As a disclaimer, I am not a "car person." I don't notice cars, I don't think about cars or wish for a particular car. I just like a car to get me where I'm going. But the cars I've had make me think back on different stages of my life.
I learned to drive on a '58 Buick Special, my mother's car. But I had no attachment to it, and for years after I was car-less. My first car that was my very own was an old three tone '65 Ford Fairlane. The three colors were red, white and primer. I drove it into the city every day when I was in nursing school and I used to say it ran on the Spirit of God because every day that car started up was a miracle.
Then there was my '79 blue Ford Pinto. It was new and fabulous. I learned to drive a stick-shift with it. Then we learned the gas tank might explode and we traded it in for a used Dodge Aries. This car transported Cub Scouts and soccer players. Sweaty boys were always piled in it and we traveled many miles and many years.
When Fred and I got married we bought a Suburu Outback. It was a fun car, small and zippy. My baby Arielle rode in it, strapped in her carseat. When Liana came home we bought a new 2001 Ford Windstar van. I didn't want to be a van mom! But at the time we were driving back and forth across the country and needed something roomy and comfortable. I grew to love my van. I took my girls to Chinese school in it, and to dance classes and church and the beach. We packed in other people's kids and our big kids and our friends. It held all four of our bikes and we could put the seats down and load furniture and lumber or just about anything we needed to cart around.
On Monday Fred told me we should take advantage of the Cash for Clunkers rebate. It was supposed to be the very last day of the program. The van has been costing us money in repairs and it was a big gas-guzzler. It's trade-in value was next to nothing. But, Fred, my van! The girls and I love our van.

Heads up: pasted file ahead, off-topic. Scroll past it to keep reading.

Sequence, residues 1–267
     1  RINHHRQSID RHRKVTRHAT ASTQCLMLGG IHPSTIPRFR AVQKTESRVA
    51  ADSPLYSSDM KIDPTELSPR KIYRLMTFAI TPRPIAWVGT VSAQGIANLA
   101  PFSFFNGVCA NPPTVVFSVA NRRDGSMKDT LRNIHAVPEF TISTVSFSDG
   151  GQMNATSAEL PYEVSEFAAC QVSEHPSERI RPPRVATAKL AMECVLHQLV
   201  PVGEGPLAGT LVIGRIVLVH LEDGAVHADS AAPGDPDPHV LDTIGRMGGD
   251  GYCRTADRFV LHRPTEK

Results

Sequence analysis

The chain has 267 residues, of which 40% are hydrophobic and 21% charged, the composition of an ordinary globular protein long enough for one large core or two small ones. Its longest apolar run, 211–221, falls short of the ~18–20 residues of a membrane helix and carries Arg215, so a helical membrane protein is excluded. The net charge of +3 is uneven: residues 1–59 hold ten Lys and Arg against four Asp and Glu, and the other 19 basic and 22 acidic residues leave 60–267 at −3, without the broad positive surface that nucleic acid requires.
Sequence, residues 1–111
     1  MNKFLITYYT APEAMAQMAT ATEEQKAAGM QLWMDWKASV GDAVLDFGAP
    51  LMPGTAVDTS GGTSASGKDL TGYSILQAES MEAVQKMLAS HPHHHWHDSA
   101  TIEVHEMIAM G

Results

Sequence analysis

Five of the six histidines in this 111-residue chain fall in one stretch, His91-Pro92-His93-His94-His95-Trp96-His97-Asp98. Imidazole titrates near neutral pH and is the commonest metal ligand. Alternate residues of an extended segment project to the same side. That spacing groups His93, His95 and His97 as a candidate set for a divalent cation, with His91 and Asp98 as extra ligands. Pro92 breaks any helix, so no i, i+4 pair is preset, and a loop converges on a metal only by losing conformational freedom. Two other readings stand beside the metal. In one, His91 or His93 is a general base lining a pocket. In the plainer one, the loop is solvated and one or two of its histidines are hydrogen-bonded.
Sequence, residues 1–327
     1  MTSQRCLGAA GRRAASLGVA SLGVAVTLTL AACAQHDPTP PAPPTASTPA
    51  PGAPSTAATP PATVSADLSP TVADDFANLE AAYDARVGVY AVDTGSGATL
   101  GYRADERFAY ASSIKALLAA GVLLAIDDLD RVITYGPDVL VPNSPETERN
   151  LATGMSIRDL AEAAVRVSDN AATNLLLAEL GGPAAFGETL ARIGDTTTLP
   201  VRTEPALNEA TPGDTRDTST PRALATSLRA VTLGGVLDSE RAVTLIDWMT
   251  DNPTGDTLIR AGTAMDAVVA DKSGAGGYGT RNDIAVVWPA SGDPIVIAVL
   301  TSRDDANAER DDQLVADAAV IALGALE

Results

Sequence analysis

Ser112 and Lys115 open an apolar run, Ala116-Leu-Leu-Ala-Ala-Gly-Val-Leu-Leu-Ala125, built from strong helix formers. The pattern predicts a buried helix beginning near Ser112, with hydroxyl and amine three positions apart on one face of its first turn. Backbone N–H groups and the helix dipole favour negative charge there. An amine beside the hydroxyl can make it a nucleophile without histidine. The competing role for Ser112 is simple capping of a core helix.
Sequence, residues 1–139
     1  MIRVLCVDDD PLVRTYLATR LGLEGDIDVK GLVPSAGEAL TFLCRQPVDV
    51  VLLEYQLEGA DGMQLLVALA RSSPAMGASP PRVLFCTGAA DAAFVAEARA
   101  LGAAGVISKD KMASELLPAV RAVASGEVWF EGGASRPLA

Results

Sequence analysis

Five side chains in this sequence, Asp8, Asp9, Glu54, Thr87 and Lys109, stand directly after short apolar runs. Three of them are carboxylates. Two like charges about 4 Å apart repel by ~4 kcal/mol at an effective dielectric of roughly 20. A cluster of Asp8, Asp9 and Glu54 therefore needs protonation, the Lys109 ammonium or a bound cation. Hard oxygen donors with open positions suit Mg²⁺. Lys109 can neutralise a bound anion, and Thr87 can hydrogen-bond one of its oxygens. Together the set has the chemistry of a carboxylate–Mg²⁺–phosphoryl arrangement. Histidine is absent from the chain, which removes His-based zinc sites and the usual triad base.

So we headed to the dealership. We found the smallest, cheapest car. The salesman asked what color we wanted. The girls and I said, "Anything but red." I'm not a flashy person. Then he said red was the only color he had that night. We test drove this tiny, cute car and it felt right. Solid, bigger inside than it appears outside.
Two hours later we were told we were missing a piece of documentation. We took a 40 minute drive home and back to retrieve it. Another hour and we are told those papers still weren't good enough. We went home without the car. No deal. The salesman said he would call if the Senate voted to extend the program. I didn't really want a new car, but now I was disappointed.
The next day the salesman called. The dealership was allowing one more day for the rebate. We cleaned out our much-loved van, finding mementos of long ago, and headed back out. Another two hours and we drove off the lot in a 2009 Honda Fit. Instead of being joyful, I was in tears. My van! What have we done? Such ambivalence! What's wrong with me?
I realize the sadness is because my girls are growing up. It's the end of an era. We can't load this car with the big wagon the girls used to ride in on the boardwalk. We're not transporting strollers and carseats anymore. If we drive south, we'll take Fred's car. I will eventually embrace this new stage of life. Cut-back, down-size, simplify.
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